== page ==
From Derry to London, Mairead’s on song

editorial image

When Mairead Carlin sang Scarlet Ribbons at the Sons and Daughters concert last Sunday, it was confirmation - if needed - that Derry isn’t done when it comes to producing world class musical talent.

In an era where superlatives are overly employed and wrongly applied to anyone who auditions for a reality tv show, performers like Mairead are a rare and welcome breed. Her flawless and stripped back vocals have already been noticed internationally. In November, she supported Don McClean on tour and has already enthralled an audience of 80,000 at the England v Ireland rugby match at Twickenham last year.

Based in London since 2007, where she studied for her bachelor of music at Trinity College in Greenwich, Mairead said she felt privileged to be invited home to perform at the Sons and Daughters concert. Aside from her enjoyment of performing on the stage at Ebrington, the 23-year-old said being in the same company as musical icons like Phil Coulter and Paul Brady was completely overwhelming.

“To be among some of the greatest talents Derry’s ever produced was amazing,” said Mairead.

“Being able to watch them perform and see how they get ready and how they do things was a real privilege.”

Not one for namedropping, Mairead said some people at the gig had congratulated her on her performance but was reluctant to name names. Refreshingly humble about her talent, Mairead, the daughter of Marie and Hugo from Griffith Park on the Culmore Road, said she owed her music success to date to the commitment and dedication of her parents.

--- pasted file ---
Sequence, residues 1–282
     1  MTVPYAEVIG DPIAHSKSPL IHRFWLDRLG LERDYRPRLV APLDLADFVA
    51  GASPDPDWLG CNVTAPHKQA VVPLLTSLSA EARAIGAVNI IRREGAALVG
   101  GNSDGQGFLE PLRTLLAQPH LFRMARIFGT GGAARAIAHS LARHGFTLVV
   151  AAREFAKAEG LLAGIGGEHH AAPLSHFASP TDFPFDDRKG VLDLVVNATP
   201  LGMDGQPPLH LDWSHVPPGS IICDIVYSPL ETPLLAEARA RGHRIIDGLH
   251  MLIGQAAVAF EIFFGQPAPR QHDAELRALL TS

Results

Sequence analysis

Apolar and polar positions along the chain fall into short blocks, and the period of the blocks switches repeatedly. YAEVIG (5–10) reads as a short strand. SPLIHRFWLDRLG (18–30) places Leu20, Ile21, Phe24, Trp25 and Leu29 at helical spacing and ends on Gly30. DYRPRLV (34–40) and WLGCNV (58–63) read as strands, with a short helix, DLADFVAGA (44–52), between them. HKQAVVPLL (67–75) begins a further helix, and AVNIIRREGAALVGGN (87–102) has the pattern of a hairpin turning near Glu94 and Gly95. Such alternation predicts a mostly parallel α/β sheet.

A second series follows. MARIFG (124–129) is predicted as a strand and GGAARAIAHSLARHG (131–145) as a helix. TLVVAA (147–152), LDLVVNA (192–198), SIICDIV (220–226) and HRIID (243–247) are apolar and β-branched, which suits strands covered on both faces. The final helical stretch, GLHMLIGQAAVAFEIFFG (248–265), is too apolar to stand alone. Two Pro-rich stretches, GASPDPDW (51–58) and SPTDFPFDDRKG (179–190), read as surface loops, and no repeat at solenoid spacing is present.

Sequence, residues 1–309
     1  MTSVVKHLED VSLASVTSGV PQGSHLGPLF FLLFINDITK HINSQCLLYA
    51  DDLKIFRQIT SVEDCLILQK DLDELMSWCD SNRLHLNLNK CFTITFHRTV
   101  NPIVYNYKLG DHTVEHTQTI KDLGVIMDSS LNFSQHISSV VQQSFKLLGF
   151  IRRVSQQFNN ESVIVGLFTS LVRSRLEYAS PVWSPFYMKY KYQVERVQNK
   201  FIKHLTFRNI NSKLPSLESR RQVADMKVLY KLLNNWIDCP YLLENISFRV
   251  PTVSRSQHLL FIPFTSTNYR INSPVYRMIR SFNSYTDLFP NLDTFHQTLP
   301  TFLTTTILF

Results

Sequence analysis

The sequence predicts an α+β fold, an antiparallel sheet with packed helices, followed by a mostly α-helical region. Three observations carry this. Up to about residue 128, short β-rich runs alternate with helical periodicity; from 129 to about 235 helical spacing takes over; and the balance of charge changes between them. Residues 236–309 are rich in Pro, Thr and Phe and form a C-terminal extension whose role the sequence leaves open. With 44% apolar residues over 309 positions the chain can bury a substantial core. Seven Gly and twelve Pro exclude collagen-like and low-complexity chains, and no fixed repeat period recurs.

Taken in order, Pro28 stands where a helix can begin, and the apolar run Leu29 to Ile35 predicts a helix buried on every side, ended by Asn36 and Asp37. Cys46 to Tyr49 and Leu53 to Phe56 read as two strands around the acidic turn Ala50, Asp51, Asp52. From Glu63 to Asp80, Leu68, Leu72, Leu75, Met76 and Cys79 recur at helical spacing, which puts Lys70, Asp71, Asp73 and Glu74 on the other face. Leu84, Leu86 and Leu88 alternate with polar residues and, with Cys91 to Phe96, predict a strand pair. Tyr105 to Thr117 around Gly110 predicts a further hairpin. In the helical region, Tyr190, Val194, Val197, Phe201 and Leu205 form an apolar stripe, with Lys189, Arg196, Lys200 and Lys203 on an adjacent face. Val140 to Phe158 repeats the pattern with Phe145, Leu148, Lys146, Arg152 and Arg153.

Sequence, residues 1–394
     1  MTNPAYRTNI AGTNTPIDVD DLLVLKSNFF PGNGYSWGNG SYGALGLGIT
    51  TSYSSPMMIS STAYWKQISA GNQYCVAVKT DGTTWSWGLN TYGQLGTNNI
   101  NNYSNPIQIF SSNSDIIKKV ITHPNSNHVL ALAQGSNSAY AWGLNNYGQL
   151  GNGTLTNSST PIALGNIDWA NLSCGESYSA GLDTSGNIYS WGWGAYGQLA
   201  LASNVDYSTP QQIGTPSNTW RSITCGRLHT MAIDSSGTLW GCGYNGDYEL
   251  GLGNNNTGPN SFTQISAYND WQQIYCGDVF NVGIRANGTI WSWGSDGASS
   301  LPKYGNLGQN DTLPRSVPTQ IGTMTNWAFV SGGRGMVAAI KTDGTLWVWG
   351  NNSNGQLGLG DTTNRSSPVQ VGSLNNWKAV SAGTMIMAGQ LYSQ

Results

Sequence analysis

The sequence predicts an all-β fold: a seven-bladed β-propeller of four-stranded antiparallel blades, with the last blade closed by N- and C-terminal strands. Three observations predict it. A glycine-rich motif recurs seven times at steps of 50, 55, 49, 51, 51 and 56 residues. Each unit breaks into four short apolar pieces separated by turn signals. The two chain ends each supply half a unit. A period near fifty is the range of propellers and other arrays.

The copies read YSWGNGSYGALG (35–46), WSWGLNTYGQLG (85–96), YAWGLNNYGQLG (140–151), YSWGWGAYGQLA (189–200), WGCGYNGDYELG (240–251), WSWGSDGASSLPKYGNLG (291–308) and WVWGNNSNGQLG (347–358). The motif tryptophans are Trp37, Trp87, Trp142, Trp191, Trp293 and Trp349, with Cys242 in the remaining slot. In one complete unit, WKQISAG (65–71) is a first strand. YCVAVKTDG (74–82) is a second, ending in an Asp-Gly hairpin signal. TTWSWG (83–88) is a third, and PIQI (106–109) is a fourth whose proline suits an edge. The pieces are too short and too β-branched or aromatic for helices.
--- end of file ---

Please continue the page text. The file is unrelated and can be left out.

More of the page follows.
Her father Hugo is well known in local music circles as a member of the Trend Showband.

“My mother and father did so much for my sister and me over the years. They did absolutely everything they could to be able to provide us with the best possible opportunities in life. Before the days of mobile phones my dad would sit outside my music lessons, which would run on for hours at a time, waiting on me. They were never, ever pushy about anything and just encouraged my sister and I to do what we wanted. I feel so lucky that I grew up like that.

“I grew up listening to my dad play bass and there was always so much music in our house. My dad was always in the pantomimes in St Columb’s Hall as well and I went to the MacCaffery school of music so I feel like I had a really good musical grounding.”

The Derry singer credits her grandmother Margaret McCartney with giving her a rich musical heritage.

“She taught me so many songs so I have a lot to thank her for!” she laughs.

It was Derry producer Frank Gallagher - now Mairead’s manager - who first recognised her talent and has worked closely with her since, gradually establishing Mairead as a must watch newcomer.

With her feet still firmly on the ground however, Mairead said she is taking one step at a time and eagerly awaiting feedback from the release of her album, Songbook, which is set for a spring release date.

She’s already played an integral part in the beginning of the City of Culture year, with her rendition of ‘Let the River Run’ being piped out to the thousands who lined the banks of the Foyle during the spectacular New Year’s Eve fireworks display.

“That was so, so special,” said Mairead. “My family and I were in the City Hotel and when we came outside and heard the song a big group of my friends were there, we all just hugged each other and cried. It was so so surreal to hear my voice like that!”

While she says she doesn’t get a chance to come home as often as she’d like, Mairead is hopeful that she’ll be able to take in a few more events in her home city during 2013.

“I will definitely be back a few times, I think it’s so exciting and I’m so proud to be from Derry. There’s so much talent that exists here.”

As for her own ambitions, Mairead wants to keep performing and is looking forward to releasing her album.

“I guess I’ll just see where that takes me,” she said.